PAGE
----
KID released the findings from a survey of Illinois child care providers in our latest report, Safe Products and Child Care: An Illinois Snapshot. We found that Illinois is missing out on an opportunity to improve child care safety.
Although Illinois has some of the most progressive child care product safety and safe sleep regulations on the book, 49% of child care workers report seeing at least one recalled or otherwise prohibited product and 37% indicated that they had seen either unsafe sleep products or practices in use at their facility.
“This survey clearly indicates the continued need to educate providers and parents about children’s product safety,” said Sessy Nyman, VP of Policy at Illinois Action for Children. Previous experiences show that educating child care providers has additional benefits of educating the families they serve.
How can we improve these numbers and make our children even safer? The survey found at least two possible ways Illinois can strengthen child care safety.
First, child care workers are eager to learn more about these potentially deadly threats in their facilities. Nearly all child care workers already agree that child product safety should be a priority in child care facilities (81% strongly agree, 10% agree) and most are interested in additional training on the issue (66%). Illinois doesn’t have to convince child care workers just how serious providing a safe environment in child care facilities is. Illinois needs to provide its child care workers with greater access to child product safety and safe sleep specific trainings.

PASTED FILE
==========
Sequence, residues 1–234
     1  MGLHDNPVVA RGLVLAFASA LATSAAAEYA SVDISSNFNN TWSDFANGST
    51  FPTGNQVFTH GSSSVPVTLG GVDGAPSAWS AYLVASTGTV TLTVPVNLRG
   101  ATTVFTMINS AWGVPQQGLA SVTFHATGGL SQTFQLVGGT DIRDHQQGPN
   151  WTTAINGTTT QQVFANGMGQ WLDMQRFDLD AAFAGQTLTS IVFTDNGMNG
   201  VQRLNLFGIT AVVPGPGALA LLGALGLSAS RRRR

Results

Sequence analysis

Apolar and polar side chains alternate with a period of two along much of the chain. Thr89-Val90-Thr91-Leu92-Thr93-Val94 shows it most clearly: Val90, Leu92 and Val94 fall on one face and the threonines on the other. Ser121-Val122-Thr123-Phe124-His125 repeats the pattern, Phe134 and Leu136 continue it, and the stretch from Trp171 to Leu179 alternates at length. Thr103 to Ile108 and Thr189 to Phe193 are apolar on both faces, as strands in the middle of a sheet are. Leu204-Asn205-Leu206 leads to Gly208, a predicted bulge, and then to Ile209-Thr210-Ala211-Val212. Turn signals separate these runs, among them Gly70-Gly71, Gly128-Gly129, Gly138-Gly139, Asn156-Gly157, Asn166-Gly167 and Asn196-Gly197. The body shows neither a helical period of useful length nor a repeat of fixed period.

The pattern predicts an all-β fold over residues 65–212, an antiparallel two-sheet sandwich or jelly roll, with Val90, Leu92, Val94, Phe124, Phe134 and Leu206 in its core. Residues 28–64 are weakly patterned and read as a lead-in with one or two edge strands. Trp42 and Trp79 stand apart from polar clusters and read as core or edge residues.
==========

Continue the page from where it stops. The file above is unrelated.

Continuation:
Second, only 33% of child care workers could report that DCFS had taken the required steps in its inspection to make sure that child care facilities were following already established child product safety rules. These rules are meant to protect children from the serious injuries and deaths caused by dangerous children’s products in child care. However, without enforcement, the rules are only a symbolic victory in the fight to protect young children.
It is a well-known that the Illinois DCFS is overloaded and underfunded. If the hardworking DCFS child care inspectors are going to be able to perform timely and thorough inspections, then Illinois must provide the DCFS with adequate funding and staffing resources.
Since Illinois passed the Child Product Safety Act in 1999, it has been known as a leader of child product safety. We urge all stakeholders to work together to continue that legacy and keep children safer in child care and at home.
See how your home or child care stacks up on our survey. Use this checklist of products Illinois child care workers reported in use at their child care facilities.